Sapphires are in the corundum family and second only to diamonds in hardness and shares the reputation with it's precious counterpart with decorating royalty for centuries.

Sapphires have been discovered in multiple parts of the world, including Myanmar (Burma), Thailand, Continental Africa, Madagascar, Sri Lanka (Ceylon), Vietnam and Australia.

It was in Australia that in 1940, James and Harry embarked on a business endeavor near Queensland Australia where they purchased a major collection of rough black sapphires, within the Anakie Sapphire Fields, to make into a collection of jewelry for men and women. In 1947, the brothers discovered a rare, 1,157 carat sapphire  originating from the Anakie Fields. A couple years later James and Harry purchased the piece and cut it into a priceless gem the Kazanjian’s named “The Black Star of Queensland.” In 1950, James and Harry found four other large rough sapphires and sculpted them into busts of U.S. Presidents Lincoln, Washington, Jefferson and Eisenhower. In 1960, Kazanjian purchased the entire inventory of a British syndicates's rough sapphires at the Yogo Mines in Great Falls, Montana. Stan Kazanjian (son of James) took the Montana stones and fashioned them into a 178 carat sapphire necklace. This exquisite necklace is considered to be the most important gemstone piece ever created. In 1969 the Kazanjian brothers were honored to loan the presidential sapphire collection to the Natural History Museum of the Smithsonian Institution in Washington, DC. Later in 1988 the busts were ceremoniously donated to the White House under Regan's presidency. Cher sported the Black Star of Queensland on the opening show of their 1971 season.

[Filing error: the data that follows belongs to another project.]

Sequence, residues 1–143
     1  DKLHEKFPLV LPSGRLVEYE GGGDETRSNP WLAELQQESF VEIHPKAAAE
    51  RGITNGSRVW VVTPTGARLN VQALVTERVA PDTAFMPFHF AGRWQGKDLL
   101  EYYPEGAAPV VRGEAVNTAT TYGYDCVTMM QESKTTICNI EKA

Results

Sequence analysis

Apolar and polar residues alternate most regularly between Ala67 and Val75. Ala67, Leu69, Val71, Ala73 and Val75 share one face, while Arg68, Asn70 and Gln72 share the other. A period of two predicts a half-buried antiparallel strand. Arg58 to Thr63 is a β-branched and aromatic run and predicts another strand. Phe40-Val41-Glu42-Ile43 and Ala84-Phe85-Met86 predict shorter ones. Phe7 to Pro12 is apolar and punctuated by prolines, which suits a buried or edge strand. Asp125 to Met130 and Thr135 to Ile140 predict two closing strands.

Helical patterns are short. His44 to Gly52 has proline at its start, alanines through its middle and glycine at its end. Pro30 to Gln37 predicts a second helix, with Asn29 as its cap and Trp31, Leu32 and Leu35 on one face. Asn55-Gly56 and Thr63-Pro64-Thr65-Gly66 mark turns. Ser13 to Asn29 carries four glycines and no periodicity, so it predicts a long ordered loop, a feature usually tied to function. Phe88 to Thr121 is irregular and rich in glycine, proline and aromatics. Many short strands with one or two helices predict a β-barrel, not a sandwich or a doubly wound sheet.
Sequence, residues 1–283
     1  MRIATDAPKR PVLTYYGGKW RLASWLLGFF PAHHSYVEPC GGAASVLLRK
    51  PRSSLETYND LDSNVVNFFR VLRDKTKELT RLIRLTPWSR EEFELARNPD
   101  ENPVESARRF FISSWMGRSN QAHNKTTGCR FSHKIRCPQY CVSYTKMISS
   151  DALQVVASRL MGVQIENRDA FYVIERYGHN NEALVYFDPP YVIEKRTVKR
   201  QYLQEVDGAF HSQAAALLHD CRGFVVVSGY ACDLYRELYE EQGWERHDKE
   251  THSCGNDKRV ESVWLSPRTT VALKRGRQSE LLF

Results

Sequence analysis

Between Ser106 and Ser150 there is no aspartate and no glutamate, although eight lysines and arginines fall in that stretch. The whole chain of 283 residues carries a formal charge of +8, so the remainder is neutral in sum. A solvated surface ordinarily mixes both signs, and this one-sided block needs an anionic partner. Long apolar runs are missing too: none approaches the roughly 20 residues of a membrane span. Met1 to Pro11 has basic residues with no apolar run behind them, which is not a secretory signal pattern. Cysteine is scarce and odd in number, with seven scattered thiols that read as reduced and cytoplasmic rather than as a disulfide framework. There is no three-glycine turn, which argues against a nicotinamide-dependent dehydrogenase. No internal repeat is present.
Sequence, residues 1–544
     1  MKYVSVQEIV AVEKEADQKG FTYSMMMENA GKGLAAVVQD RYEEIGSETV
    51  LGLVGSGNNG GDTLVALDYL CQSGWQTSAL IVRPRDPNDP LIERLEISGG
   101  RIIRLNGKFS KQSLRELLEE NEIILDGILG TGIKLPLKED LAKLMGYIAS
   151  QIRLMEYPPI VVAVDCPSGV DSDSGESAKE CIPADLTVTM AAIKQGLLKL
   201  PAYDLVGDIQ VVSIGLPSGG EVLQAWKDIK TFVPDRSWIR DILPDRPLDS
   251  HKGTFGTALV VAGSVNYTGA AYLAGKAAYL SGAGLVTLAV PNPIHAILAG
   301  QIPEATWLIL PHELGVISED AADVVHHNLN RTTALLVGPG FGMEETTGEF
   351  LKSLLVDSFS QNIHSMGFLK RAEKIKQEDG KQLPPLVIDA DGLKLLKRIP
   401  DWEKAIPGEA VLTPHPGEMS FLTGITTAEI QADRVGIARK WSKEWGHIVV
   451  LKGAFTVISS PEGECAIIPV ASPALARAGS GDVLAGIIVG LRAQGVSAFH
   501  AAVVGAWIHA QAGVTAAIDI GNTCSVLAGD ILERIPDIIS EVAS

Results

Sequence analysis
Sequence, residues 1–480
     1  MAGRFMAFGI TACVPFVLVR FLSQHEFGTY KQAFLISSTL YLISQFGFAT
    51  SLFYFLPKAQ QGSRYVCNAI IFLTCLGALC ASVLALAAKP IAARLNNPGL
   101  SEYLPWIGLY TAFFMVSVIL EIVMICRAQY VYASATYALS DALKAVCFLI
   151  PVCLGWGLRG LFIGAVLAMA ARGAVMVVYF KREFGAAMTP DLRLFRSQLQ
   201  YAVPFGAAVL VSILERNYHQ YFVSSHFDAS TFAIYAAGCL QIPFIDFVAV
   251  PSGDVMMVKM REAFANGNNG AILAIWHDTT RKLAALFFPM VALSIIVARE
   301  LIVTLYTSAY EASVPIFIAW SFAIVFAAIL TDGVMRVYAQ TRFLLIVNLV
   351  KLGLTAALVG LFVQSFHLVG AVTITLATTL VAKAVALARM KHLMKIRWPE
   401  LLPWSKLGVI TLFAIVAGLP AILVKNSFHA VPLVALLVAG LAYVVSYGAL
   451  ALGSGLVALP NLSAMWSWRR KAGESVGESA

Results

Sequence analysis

In 1975 Harry and James traveled to Thailand and found stones comparable to those of the Queensland fields. They trained and employed Thai workers to cut and polish the sapphires.